I haven't written about basketball in a while.
The last few things I have posted (I wouldn't say written because there was minimal commentary) have been more on the political side of the ball. As I sit here with a 102 temp and watching the Celtics-Knicks playoff game I got to thinking of what my favorite playoff memory of the Sonics were.
What was that single moment of my life that was almost too amazing for words?
I wasn't alive for the 1979 championship, so I have to immediately cross that off my list. Beating Houston in the first round 10 years later did pop in to my mind because that was the first set of playoff games that I remember watching as a kid.
Then there was 1992 and the series against Golden State. We'll all remember the Kemp dunk. I don't even need to post a link, the image should already be in your minds. For the younger readers here is the link though.
Could go up a year to 1993 and the first time the Sonics beat John Stockton, Karl Malone and the Jazz in the playoffs or we could go to 1996, the beating of the Jazz again to earn a trip to the NBA Finals. That series is high on my list, but it's not the best.
In 2005, the last time the Sonics won a playoff series, it really sticks out in my mind, but not for the right reasons. This was pretty much the end of two powers in the Western Conference. As mentioned before it was Seattle's last playoffs win and their opponent, the Sacramento Kings, made the playoffs the year after and hasn't been back since.
My favorite series does involve those two teams though, but it is back in 1996 that the series took place. "The Monkey Off the Back Series" is what I will always remember it as.
In previous years the Sonics were thought to be able to have championships runs. They were a mix of youth and savvy veterans. Just the type of team you think would make a run and could eventually form a potential dynasty like the Lakers and Celtics of the 80s and compete with those Bulls teams of the 90s.
Leading up to the 1996 playoffs marked the ninth time in ten years the Sonics had made the playoffs. They had been in two conference finals (1987 and 1993), but had lost four times in the first round (88 to Denver, 91 to Portland, 94 to Denver and 95 to the Lakers).
Up until 96 the Sonics hadn't been able to put a full season and playoffs together. They were the one seed, the Kings the 8th. The Sonics needed to make a statement in this series. They had to get past this scrappy Kings team to get the monkey off their back from the last two playoff disasters.
Jobs were on the line. If Seattle lost as a one seed again you could have bet that George Karl and Wally Walker would have been fired and Payton and/or Kemp could have been out the door right behind them. Losing as one seed in two of three years would have been absolutely unacceptable and there would have been major repercussions.
On April 26th, game one tipped off and Seattle throttled the Kings. Holding them to only 13 first quarter points and up 11 heading into the final quarter. Seattle held the Kings to 43% from the field and kept the dangerous Mitch Richmond in check. Payton had 29, Schrempf had 22 and Perkins had 17 and the Sonics won, 97-85.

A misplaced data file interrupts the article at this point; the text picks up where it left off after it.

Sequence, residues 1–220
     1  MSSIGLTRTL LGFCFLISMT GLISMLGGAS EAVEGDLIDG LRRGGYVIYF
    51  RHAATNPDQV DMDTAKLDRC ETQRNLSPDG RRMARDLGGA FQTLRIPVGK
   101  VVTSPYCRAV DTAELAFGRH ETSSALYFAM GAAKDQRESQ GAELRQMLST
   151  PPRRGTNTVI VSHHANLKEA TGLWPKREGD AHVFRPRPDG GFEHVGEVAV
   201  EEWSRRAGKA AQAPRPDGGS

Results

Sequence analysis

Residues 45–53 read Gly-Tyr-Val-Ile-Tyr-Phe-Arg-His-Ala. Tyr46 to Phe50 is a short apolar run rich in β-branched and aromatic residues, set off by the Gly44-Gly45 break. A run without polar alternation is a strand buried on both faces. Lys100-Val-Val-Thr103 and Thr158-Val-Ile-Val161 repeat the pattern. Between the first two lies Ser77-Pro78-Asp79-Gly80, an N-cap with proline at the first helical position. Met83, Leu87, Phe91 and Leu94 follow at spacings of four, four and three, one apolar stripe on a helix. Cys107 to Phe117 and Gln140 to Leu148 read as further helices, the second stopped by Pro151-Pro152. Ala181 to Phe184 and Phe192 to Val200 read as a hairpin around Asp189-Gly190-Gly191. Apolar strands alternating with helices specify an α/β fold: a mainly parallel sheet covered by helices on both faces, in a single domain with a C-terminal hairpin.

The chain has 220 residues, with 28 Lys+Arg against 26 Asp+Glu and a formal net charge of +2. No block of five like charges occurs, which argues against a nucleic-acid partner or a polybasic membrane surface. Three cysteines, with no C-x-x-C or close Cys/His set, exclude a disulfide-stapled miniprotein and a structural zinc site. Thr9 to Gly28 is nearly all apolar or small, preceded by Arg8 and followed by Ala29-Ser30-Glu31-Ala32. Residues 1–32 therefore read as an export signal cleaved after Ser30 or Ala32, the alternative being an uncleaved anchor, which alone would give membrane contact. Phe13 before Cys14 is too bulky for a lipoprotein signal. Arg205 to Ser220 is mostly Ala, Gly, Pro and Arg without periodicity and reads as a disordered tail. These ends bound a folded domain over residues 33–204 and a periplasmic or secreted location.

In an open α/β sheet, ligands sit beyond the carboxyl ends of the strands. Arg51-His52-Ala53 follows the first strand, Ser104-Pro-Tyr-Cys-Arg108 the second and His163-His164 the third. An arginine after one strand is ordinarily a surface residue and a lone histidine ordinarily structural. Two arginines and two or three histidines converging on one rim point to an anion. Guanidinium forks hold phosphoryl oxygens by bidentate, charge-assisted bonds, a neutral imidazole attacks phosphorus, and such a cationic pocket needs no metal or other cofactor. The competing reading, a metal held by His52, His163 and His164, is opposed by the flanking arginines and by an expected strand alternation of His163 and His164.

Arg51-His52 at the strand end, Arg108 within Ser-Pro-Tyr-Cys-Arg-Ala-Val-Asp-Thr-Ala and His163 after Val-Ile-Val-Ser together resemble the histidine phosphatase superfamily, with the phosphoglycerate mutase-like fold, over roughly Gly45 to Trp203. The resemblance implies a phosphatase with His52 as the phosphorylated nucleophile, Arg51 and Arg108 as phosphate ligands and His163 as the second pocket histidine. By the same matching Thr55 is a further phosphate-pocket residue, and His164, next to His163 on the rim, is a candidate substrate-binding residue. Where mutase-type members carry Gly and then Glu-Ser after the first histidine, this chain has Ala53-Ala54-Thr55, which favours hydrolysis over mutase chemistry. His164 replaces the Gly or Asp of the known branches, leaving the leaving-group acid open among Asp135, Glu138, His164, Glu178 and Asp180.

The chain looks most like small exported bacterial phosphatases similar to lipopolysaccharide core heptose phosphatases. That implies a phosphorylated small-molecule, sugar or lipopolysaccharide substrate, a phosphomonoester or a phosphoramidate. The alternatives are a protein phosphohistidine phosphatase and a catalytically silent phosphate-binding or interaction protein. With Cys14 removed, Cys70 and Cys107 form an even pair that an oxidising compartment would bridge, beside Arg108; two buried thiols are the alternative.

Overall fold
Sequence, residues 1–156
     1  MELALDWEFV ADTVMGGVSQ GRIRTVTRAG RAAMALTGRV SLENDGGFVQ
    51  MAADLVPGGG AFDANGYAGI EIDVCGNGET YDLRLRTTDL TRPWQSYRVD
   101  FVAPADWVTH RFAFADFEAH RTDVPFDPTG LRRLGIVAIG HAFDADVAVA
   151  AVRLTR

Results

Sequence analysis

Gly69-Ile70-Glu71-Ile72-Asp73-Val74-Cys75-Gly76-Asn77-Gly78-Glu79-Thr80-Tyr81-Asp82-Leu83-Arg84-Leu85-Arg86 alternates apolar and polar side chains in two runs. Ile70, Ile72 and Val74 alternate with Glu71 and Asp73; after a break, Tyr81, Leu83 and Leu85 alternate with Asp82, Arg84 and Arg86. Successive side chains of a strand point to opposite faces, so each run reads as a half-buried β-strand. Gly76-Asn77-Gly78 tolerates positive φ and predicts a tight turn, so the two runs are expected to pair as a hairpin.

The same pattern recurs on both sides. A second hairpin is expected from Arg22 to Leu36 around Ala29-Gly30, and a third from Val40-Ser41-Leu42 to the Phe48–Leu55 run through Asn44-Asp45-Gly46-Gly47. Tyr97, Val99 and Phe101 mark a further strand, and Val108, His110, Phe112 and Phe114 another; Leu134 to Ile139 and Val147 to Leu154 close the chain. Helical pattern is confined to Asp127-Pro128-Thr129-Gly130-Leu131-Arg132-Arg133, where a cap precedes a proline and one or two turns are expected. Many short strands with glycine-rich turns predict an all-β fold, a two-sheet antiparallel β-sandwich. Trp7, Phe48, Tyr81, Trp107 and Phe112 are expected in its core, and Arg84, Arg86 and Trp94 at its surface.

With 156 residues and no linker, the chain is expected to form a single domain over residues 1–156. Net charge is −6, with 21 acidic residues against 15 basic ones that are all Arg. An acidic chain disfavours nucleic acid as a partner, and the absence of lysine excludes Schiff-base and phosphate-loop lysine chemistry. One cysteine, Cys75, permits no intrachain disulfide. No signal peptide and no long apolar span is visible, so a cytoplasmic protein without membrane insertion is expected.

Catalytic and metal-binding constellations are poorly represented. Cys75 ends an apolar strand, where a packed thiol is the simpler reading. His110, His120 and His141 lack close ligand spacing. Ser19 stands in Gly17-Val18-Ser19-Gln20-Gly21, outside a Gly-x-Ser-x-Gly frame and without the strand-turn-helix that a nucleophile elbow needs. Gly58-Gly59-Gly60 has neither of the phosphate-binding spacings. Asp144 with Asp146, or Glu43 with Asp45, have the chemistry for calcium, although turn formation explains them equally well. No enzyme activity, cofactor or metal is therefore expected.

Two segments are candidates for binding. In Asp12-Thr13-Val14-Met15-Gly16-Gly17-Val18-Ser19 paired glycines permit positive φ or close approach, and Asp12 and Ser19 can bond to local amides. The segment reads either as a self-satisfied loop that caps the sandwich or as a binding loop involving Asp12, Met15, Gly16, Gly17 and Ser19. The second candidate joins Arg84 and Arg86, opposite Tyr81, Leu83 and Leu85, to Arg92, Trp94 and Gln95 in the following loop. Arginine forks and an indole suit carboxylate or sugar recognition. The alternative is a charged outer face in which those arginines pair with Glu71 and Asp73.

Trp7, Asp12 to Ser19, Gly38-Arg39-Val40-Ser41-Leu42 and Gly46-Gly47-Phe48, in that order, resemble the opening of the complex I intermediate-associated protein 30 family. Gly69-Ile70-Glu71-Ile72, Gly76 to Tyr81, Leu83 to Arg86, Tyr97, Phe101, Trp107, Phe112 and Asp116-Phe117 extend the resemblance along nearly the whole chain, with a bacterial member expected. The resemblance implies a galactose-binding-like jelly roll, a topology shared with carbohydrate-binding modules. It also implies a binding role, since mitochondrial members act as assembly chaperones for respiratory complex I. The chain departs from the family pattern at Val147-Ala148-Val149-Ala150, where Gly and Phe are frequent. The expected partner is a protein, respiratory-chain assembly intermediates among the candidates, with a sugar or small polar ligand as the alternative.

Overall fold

It was a convincing win and Shawn Kemp didn't even play!
The Kings were not going to be a problem. Just two more wins and it was over, there would be second games this year!
Game two tipped and everything looked great. Sonics were up six at half and up two heading into the fourth.
Then Mitch Richmond happened.
Richmond dominated the fourth quarter, scoring 37 points, en route to a game two upset.
The (dark) clouds (of doubt) then rolled in and settled over Seattle: Karl, Wally, Kemp, Payton and the rest of the Sonics at the middle of it. They now had to travel to Sacramento and faceoff against a team that had the confidence that they could win tight ball games, in the playoffs, on the road, against a potentially weak minded team.
The collective breath of Seattle had been exhaled and there was no pulling that breath back in.
Game three did not start out well either.
Sonics trailed 28-26 after one, 50-48 at half. Then the Kings came out hot from the locker room, outscoring the Sonics by nine in the third to take an 11-point lead into the fourth quarter.
The wheels were falling off, the Kings were about to route the Sonics and had a chance to end the series two days later in game four. You could also tell the Kings thought the game was over too. Olden Polynice was dancing at mid court, the fans were on their feet and being incredibly loud. It was said that George Karl couldn't be heard talking to his team between the third and fourth quarters.
Something he said must have slipped through in the a nanosecond of silence as the fans in Arco recharged, because the Sonics in a total team effort came out hot, they won the quarter 32-16 and won the game.
Game four wasn't as stressful. The Sonics controlled the game from the tip basically won the game by 14 and moved on to the second round where the defending NBA champion, Houston Rockets, were waiting for them.
This was the series that got the Sonics over the hump and propelled them to the NBA Finals. series that probably could have gone seven with Gary Payton and Nate McMillan being healthy. Not sure if they could have beat the Bulls that year, it to seemed to acts of God for the Bulls to lose that year as they were probably the greatest NBA team in history.
I know the irony of writing this all right now. I've always felt that this series was the biggest one of the modern era of Seattle basketball. Ask me to write this 10 years ago and you'd get the same column.